From the State Vet's Office
by Dr. Tony Frazier
The winter of 2006-2007 has been one of the worst in many, many years when it comes to the supply and quality of hay available. As a consequence of the drought last summer, many livestock producers and horse owners have had to cull or liquidate animals they would rather have kept if they had anything to feed them.
Because of the design of the digestive tracts of both the cow and the horse, forage intake at some level is necessary. With that in mind, along with the hay shortage, people have frequently been forced to buy hay from unfamiliar sources and certainly without any known history of how the hay was produced, harvested, or even where it came from. This scenario became very apparent in February when a handful of Alabama horses died and another handful became ill from ingesting blister beetles that had been harvested in alfalfa hay.
Information began to surface about the third week of February that some horses in Alabama had died from blister beetle poisoning (cantharidin toxicity) associated with eating alfalfa hay infested with blister beetles at the time of harvest. A conversation with the veterinarian who attended these horses confirmed that the diagnosis had been made based upon levels of cantharidin found in the urine of the first horse that died as well as a history feeding alfalfa hay. Some blister beetles had also been collected from some of the remaining hay that was being fed. That information led to a full scale media blitz from various organizations (including the Alabama Department of Agriculture and Industries) and media outlets to make horse owners aware of the possible threat of blister beetle poisoning associated with feeding alfalfa hay. Also some dried beetles were found in the hay.
While there is reason to be cautious when feeding alfalfa to horses, it is not something to be thought of as too dangerous to feed to horses. There are, however, certain precautions that should be taken to minimize the chances of blister beetles being in the alfalfa. First, if at all possible, know the source of the hay. Reputable alfalfa producers are very aware of the blister beetle danger and check for swarms of the beetles before harvesting the hay. Because the beetles only stay on small areas of the field for a short time, reputable alfalfa producers will delay harvest until the beetles are gone.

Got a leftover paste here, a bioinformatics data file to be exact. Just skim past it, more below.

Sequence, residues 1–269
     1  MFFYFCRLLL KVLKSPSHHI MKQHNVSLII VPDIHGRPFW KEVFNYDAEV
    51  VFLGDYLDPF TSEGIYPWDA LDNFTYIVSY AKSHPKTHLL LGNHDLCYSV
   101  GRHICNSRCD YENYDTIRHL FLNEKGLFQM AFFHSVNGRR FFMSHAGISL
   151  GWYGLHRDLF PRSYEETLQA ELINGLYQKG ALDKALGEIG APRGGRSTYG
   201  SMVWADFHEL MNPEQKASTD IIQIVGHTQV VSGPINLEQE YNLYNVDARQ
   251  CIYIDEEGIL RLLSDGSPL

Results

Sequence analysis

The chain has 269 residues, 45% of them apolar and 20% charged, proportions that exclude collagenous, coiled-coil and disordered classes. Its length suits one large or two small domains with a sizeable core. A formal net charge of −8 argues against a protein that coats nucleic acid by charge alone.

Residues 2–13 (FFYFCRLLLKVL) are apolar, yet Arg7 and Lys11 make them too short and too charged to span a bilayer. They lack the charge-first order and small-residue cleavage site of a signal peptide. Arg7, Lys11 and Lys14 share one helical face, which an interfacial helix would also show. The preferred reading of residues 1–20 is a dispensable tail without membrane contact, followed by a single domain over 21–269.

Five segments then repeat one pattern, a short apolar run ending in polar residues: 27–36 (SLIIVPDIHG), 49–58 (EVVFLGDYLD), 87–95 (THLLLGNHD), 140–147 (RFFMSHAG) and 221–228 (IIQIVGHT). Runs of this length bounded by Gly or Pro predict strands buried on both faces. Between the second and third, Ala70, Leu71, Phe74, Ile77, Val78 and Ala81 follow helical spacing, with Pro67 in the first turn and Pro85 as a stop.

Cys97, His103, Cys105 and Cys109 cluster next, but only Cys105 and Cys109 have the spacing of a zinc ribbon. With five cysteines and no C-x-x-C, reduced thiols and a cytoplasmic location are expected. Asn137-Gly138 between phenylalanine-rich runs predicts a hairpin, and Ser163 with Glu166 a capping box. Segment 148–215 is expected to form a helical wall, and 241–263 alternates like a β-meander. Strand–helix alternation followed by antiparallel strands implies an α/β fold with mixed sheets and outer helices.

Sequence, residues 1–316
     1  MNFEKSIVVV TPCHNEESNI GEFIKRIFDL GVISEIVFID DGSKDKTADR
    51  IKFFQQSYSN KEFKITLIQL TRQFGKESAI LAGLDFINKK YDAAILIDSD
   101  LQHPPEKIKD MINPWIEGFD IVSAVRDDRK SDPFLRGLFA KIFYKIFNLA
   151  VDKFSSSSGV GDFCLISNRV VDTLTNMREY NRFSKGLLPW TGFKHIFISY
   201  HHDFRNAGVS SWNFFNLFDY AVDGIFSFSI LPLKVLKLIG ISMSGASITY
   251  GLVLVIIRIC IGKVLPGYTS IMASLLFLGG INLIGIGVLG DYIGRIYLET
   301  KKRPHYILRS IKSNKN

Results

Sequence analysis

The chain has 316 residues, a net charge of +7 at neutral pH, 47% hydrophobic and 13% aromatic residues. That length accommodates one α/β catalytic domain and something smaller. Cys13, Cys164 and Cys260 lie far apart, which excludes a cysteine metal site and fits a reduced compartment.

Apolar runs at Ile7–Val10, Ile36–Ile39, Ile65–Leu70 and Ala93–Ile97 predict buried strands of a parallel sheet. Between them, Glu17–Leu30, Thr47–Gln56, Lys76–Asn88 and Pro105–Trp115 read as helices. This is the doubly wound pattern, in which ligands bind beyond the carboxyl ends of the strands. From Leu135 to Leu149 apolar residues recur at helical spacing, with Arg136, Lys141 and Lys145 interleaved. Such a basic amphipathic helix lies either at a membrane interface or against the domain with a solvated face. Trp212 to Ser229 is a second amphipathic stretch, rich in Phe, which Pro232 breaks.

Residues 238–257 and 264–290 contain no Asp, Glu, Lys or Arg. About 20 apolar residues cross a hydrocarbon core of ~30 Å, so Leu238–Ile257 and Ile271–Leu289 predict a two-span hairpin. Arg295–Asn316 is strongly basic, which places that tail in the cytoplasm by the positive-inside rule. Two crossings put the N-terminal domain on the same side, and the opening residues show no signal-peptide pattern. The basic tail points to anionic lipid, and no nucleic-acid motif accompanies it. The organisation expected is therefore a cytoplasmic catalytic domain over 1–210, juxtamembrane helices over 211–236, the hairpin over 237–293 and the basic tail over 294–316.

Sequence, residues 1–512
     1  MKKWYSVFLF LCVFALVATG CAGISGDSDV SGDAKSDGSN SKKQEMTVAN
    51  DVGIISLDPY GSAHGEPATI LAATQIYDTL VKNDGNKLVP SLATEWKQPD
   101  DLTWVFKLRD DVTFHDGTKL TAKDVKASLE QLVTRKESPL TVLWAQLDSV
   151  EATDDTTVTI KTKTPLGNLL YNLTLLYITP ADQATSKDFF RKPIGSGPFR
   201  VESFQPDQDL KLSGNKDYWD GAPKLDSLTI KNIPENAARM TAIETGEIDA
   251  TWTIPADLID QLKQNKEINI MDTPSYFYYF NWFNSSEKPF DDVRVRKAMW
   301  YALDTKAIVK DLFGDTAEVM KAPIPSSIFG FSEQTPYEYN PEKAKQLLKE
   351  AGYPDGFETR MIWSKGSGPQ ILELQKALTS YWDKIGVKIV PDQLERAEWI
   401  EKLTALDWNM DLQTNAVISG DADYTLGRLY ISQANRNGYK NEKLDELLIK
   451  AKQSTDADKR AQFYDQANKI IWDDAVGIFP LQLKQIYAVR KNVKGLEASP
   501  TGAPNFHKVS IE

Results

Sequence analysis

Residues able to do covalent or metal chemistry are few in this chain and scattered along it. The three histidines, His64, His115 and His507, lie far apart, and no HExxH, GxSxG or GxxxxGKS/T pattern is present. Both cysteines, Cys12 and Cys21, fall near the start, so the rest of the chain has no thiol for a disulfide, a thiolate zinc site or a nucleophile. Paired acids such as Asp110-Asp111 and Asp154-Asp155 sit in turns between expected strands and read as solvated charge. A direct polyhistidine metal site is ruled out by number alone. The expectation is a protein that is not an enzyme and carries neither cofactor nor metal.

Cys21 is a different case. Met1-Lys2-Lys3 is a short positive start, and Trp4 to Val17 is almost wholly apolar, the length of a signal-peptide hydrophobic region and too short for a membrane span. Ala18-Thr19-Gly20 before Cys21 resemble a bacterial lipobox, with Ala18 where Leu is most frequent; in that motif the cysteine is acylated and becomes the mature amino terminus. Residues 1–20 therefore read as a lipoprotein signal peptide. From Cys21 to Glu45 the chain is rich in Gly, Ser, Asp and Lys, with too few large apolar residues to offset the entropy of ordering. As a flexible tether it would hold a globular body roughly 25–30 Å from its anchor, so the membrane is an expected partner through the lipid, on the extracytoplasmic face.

Second, if possible, find out when the hay was harvested. Usually the first cutting is desirable for horses for two reasons. Number one: blister beetles are not usually active before June. And number two: the alfalfa has not yet bloomed. It seems that blister beetles are attracted to blooms on the alfalfa and even weeds in the hay field that may be blooming. It is also good to know if a hay conditioner was used because that process could crush the beetles into small enough pieces that they would not be detectable. However, if sickle mowers or the modern circular hay mowers are used, the beetles will usually abandon the cut hay to find moisture and food somewhere else. Finally, the least reliable practice to stack the deck against blister beetles is to inspect the hay. The dried beetles may be detectable in the hay, but they may not be.
If horses or other livestock ingest enough of the cantharidin-producing beetles, the signs of illness are dose related. Early or mild signs may be that of colic which can be induced by the toxin. Other signs include depression and urinary tract problems such as straining to urinate or frequent urination. If enough of the toxin is ingested to cause severe cardiovascular problems, death can occur within a few hours. These signs are not diagnostic for the toxin; neither are laboratory tests other than finding the toxin in blood or urine. However, these signs accompanied by a history of feeding alfalfa hay, cantharidin toxicity should be a strong consideration.
There is no specific antidote to the toxin. Treatment of cantharidin affected horses should be treated symptomatically. The hay should be closely examined and removed. Mineral oil should be given via stomach tube with or without activated charcoal to slow the absorption and speed the elimination of the toxin. Fluids should be given to correct dehydration and to increase flushing of the kidneys. Anti-inflammatories and analgesics are also indicated.
In a year that has seen the worst hay shortages in a long time, we are not always presented with easy choices of how to keep our livestock nourished and completely side-step possible danger associated with various feed sources. Still the best tool to have in our toolbox is to be educated and informed about what we are feeding our animals. Any questions should be directed to your veterinarian or extension personnel such as the regional livestock and forage specialists.